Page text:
During patent examination, the pending claims must be “given their broadest reasonable interpretation consistent with the specification.” The Federal Circuit’s en banc decision in Phillips v. AWH Corp., 415 F.3d 1303, 1316, 75 USPQ2d 1321, 1329 (Fed. Cir. 2005) expressly recognized that the USPTO employs the “broadest reasonable interpretation” standard:
The Patent and Trademark Office (“PTO”) determines the scope of claims in patent applications not solely on the basis of the claim language, but upon giving claims their broadest reasonable construction “in light of the specification as it would be interpreted by one of ordinary skill in the art.” In re Am. Acad. of Sci. Tech. Ctr., 367 F.3d 1359, 1364[, 70 USPQ2d 1827, 1830] (Fed. Cir. 2004). Indeed, the rules of the PTO require that application claims must “conform to the invention as set forth in the remainder of the specification and the terms and phrases used in the claims must find clear support or antecedent basis in the description so that the meaning of the terms in the claims may be ascertainable by reference to the description.” 37 CFR 1.75(d)(1).
See also In re Suitco Surface, Inc., 603 F.3d 1255, 1259, 94 USPQ2d 1640, 1643 (Fed. Cir. 2010); In re Hyatt, 211 F.3d 1367, 1372, 54 USPQ2d 1664, 1667 (Fed. Cir. 2000).
Patented claims are not given the broadest reasonable interpretation during court proceedings involving infringement and validity, and can be interpreted based on a fully developed prosecution record. In contrast, an examiner must construe claim terms in the broadest reasonable manner during prosecution as is reasonably allowed in an effort to establish a clear record of what applicant intends to claim. Thus, the Office does not interpret claims when examining patent applications in the same manner as the courts. In re Morris, 127 F.3d 1048, 1054, 44 USPQ2d 1023, 1028 (Fed. Cir. 1997); In re Zletz, 893 F.2d 319, 321-22, 13 USPQ2d 1320, 1321-22 (Fed. Cir. 1989).
Because applicant has the opportunity to amend the claims during prosecution, giving a claim its broadest reasonable interpretation will reduce the possibility that the claim, once issued, will be interpreted more broadly than is justified. In re Yamamoto, 740 F.2d 1569, 1571 (Fed. Cir. 1984); In re Zletz, 893 F.2d 319, 321, 13 USPQ2d 1320, 1322 (Fed. Cir. 1989) (“During patent examination the pending claims must be interpreted as broadly as their terms reasonably allow.”); In re Prater, 415 F.2d 1393, 1404-05, 162 USPQ 541, 550-51 (CCPA 1969) (Claim 9 was directed to a process of analyzing data generated by mass spectrographic analysis of a gas. The process comprised selecting the data to be analyzed by subjecting the data to a mathematical manipulation. The examiner made rejections under 35 U.S.C. 101 and 35 U.S.C. 102. In the 35 U.S.C. 102 rejection, the examiner explained that the claim was anticipated by a mental process augmented by pencil and paper markings. The court agreed that the claim was not limited to using a machine to carry out the process since the claim did not explicitly set forth the machine. The court explained that “reading a claim in light of the specification, to thereby interpret limitations explicitly recited in the claim, is a quite different thing from ‘reading limitations of the specification into a claim,’ to thereby narrow the scope of the claim by implicitly adding disclosed limitations which have no express basis in the claim.” The court found that applicant was advocating the latter, i.e., the impermissible importation of subject matter from the specification into the claim.). See also In re Morris, 127 F.3d 1048, 1054-55, 44 USPQ2d 1023, 1027-28 (Fed. Cir. 1997) (The court held that the USPTO is not required, in the course of prosecution, to interpret claims in applications in the same manner as a court would interpret claims in an infringement suit. Rather, the “PTO applies to verbiage of the proposed claims the broadest reasonable meaning of the words in their ordinary usage as they would be understood by one of ordinary skill in the art, taking into account whatever enlightenment by way of definitions or otherwise that may be afforded by the written description contained in applicant’s specification.”).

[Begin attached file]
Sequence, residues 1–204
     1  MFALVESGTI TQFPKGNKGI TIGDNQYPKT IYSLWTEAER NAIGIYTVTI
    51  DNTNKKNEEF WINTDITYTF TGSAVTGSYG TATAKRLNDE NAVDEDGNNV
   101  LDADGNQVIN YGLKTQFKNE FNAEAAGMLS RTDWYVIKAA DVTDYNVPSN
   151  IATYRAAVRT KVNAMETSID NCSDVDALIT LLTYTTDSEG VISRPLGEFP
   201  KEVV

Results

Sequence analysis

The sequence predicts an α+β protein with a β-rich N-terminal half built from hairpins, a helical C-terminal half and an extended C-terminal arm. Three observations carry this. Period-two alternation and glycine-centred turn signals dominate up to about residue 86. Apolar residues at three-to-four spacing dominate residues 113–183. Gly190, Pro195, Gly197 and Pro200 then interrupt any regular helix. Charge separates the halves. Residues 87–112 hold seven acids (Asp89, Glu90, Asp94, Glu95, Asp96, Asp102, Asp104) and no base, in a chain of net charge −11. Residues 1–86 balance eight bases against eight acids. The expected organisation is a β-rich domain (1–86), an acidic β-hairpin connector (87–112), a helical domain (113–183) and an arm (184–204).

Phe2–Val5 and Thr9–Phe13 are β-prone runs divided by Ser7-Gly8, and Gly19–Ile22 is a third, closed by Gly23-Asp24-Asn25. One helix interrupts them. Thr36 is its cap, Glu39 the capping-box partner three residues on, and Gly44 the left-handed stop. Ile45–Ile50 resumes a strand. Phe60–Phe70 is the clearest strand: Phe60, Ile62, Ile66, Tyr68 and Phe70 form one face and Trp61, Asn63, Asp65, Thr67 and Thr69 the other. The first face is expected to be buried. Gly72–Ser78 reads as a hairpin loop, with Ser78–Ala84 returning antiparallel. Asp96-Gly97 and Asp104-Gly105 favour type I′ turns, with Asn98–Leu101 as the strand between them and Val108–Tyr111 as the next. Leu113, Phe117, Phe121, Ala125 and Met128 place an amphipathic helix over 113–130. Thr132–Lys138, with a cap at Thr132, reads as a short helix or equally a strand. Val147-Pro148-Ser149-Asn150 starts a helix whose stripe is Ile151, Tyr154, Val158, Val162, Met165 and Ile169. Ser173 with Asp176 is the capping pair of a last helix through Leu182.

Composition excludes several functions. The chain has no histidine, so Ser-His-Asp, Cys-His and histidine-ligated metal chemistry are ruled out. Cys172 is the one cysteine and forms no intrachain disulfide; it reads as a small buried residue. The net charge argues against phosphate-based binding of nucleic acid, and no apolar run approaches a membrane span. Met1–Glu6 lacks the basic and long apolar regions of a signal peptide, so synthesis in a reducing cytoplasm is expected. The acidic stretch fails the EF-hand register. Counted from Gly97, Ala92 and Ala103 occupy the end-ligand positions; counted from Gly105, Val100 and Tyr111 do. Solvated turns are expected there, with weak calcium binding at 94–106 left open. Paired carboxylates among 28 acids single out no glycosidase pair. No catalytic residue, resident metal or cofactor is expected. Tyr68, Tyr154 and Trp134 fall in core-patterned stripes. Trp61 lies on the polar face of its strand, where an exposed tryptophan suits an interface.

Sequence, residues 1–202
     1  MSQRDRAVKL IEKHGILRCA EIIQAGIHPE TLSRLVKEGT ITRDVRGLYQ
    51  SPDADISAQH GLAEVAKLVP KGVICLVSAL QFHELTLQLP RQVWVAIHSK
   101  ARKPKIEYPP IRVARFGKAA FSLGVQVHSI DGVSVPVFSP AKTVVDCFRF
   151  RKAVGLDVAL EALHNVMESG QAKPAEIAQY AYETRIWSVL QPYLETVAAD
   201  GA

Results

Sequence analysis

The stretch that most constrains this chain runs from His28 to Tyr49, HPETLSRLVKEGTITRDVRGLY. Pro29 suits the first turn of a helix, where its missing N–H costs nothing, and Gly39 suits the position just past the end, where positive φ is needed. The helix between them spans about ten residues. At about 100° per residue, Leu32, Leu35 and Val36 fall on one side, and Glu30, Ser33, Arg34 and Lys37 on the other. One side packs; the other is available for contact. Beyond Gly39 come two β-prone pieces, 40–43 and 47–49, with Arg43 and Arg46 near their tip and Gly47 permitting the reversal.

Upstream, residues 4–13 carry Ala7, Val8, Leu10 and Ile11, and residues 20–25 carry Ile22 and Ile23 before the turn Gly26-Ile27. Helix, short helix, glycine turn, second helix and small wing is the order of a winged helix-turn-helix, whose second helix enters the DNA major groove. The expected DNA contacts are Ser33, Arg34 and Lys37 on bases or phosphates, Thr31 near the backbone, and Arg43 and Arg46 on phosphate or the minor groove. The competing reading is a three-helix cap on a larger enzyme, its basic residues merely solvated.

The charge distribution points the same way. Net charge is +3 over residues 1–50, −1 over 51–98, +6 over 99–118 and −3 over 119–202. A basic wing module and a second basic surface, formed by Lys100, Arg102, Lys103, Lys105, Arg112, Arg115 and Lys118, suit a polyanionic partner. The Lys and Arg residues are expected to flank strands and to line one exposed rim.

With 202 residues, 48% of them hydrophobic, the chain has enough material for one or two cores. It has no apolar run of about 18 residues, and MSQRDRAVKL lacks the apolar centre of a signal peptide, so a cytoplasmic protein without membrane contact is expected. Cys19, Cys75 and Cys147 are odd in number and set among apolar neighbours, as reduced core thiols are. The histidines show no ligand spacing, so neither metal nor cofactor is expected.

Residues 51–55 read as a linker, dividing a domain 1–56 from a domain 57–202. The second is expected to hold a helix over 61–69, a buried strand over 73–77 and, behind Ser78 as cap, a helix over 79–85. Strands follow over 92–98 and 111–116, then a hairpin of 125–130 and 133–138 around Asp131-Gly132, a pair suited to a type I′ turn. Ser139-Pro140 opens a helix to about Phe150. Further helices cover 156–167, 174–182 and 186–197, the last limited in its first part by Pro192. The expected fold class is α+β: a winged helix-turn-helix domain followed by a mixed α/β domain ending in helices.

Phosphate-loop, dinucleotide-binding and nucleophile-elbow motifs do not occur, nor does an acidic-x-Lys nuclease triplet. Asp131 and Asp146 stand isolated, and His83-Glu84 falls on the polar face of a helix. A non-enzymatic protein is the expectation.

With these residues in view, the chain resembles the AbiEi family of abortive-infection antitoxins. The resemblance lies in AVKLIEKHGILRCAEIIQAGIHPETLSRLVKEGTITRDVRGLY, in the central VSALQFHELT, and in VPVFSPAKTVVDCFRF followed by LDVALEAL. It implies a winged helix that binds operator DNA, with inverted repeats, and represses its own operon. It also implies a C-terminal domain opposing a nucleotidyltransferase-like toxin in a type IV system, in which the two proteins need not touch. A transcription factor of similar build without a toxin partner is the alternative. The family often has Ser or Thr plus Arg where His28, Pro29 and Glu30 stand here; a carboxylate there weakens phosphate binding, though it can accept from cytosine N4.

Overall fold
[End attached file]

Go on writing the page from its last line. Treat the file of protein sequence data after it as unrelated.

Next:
The broadest reasonable interpretation does not mean the broadest possible interpretation. Rather, the meaning given to a claim term must be consistent with the ordinary and customary meaning of the term (unless the term has been given a special definition in the specification), and must be consistent with the use of the claim term in the specification and drawings. Further, the broadest reasonable interpretation of the claims must be consistent with the interpretation that those skilled in the art would reach. In re Cortright, 165 F.3d 1353, 1359, 49 USPQ2d 1464, 1468 (Fed. Cir. 1999) (The Board’s construction of the claim limitation “restore hair growth” as requiring the hair to be returned to its original state was held to be an incorrect interpretation of the limitation. The court held that, consistent with applicant’s disclosure and the disclosure of three patents from analogous arts using the same phrase to require only some increase in hair growth, one of ordinary skill would construe “restore hair growth” to mean that the claimed method increases the amount of hair grown on the scalp, but does not necessarily produce a full head of hair.). Thus the focus of the inquiry regarding the meaning of a claim should be what would be reasonable from the perspective of one of ordinary skill in the art. In re Suitco Surface, Inc., 603 F.3d 1255, 1260, 94 USPQ2d 1640, 1644 (Fed. Cir. 2010); In re Buszard, 504 F.3d 1364, 84 USPQ2d 1749 (Fed. Cir. 2007). In Buszard, the claim was directed to a flame retardant composition comprising a flexible polyurethane foam reaction mixture. 504 F.3d at 1365, 84 USPQ2d at 1750. The Federal Circuit found that the Board’s interpretation that equated a “flexible” foam with a crushed “rigid” foam was not reasonable. Id. at 1367, 84 USPQ2d at 1751. Persuasive argument was presented that persons experienced in the field of polyurethane foams know that a flexible mixture is different than a rigid foam mixture. Id. at 1366, 84 USPQ2d at 1751.